Cal Poly Humboldt Environmental Resources Engineering Senior Capstone.
This report provides an analysis of design alternatives and ultimately a preferred design to ensure the longevity of Highway 101 near Orick, CA which is under threat of sea level rise (SLR). Highway 101 is the main transportation corridor for communities stretching from Arcata to Crescent City, California. Caltrans provided an area of interest along Highway 101 just southwest of Orick, between mile markers 119.58 and 119.92. The project area of interest is illustrated below in Figure ES-1. This stretch of Highway 101 borders low lying pastures and Redwood Creek's historic estuary. The estuary has seen a significant reduction in size and function since the construction of the U.S. Army Corps. of Engineers levee in 1969.
Four alternative designs were developed to study options to protect this stretch of highway from a 100-year storm event in combination with 25-year sea level rise projections, approximately 3-feet. The designs considered are the installation of rock berm protection, restoring the historic Redwood Creek estuary, raising the roadway, and retreating the highway inland to higher elevation. These were compared using the Delphi method which analysed the alternatives based on a number of environmental, economic, and social criteria. The results of the Delphi matrix indicate that the estuary restoration alternative is selected for further analysis. After a discussion with the client, it was determined that a combination of the estuary restoration and raising the roadway alternatives would be preferred. An overview of this preferred design can be seen in Figure ES-1 above.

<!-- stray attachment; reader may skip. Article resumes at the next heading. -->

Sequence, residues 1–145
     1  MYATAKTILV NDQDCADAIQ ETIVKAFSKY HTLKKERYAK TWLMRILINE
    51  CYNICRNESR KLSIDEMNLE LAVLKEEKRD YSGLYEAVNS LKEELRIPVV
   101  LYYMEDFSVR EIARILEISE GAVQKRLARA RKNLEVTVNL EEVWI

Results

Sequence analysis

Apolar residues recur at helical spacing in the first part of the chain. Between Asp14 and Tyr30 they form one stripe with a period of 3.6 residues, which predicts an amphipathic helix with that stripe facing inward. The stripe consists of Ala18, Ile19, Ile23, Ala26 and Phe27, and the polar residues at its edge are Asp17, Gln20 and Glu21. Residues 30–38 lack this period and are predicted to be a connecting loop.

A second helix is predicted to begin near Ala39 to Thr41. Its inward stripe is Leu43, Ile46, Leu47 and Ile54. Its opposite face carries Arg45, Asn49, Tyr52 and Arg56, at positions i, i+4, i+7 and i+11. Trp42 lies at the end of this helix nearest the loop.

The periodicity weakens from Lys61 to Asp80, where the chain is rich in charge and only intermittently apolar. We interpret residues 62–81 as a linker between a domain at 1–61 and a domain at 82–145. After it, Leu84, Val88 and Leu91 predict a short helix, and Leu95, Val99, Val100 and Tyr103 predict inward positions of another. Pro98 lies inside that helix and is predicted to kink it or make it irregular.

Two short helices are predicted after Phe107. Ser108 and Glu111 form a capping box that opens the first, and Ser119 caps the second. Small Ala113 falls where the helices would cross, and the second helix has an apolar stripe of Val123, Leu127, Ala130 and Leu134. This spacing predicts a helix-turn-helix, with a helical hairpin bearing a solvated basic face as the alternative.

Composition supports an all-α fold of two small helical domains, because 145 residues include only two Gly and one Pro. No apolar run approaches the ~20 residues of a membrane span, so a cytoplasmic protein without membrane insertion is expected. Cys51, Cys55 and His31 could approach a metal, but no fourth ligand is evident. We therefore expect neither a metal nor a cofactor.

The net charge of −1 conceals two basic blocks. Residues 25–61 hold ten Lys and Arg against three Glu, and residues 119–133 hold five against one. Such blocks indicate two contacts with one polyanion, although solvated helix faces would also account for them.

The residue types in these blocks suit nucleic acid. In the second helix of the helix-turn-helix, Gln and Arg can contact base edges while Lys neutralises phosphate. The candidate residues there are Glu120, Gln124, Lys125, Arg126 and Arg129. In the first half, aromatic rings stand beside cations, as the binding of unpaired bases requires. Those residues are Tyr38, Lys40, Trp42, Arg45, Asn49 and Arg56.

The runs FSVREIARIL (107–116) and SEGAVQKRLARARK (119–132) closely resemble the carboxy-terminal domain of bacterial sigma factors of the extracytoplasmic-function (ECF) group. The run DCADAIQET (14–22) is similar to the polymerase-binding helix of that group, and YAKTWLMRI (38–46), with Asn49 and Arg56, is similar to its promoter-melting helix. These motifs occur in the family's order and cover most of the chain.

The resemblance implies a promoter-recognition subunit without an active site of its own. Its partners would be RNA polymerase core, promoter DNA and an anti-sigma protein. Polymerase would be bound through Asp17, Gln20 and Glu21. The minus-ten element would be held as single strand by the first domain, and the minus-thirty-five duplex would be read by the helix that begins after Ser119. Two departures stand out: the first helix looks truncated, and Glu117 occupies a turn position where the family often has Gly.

In order to protect the highway from SLR, the initial area of interest will be extended south to mile marker 119, about a half mile, and the highway will be raised 4-feet. The design for raising this section of highway will result in the widening of the existing road prism, the extension of the three existing culverts, and the replacement of a small bridge that will also be raised 4-feet to act as a wildlife crossing. The estuary restoration consists of a three phase process: During phase one the estuary will be excavated to match historical records and planting of native vegetation. During this phase a concrete box weir that is 6 ft wide, 4 ft deep, and 12 feet in length will be placed within the levee to allow flow into the estuary during higher river flows. Phase two will consist of surveying conducted by wildlife biologists, botanists, geologists, and hydrologists, and phase three will include any hydrological adjustments needed based upon the findings from phase two. Initial costs including the raising of Highway 101 and the restoration of Redwood Creek estuary were estimated at $19,400,000. Maintenance and operation costs for this design were estimated at $5,150,000 for the first five years and $136,000 annually after the first five years.
The proposed design was modelled using HEC RAS to model water flow through the concrete weir constructed connecting Redwood Creek and the estuary. The concrete weir can withstand a peak velocity of 25 ft/s without failure. To measure the viability of the concrete weir, the velocity of the flow through the concrete weir was measured for different SLR severities with the base case design storm of 50% of the 2-year flow, and the 100-year design flow.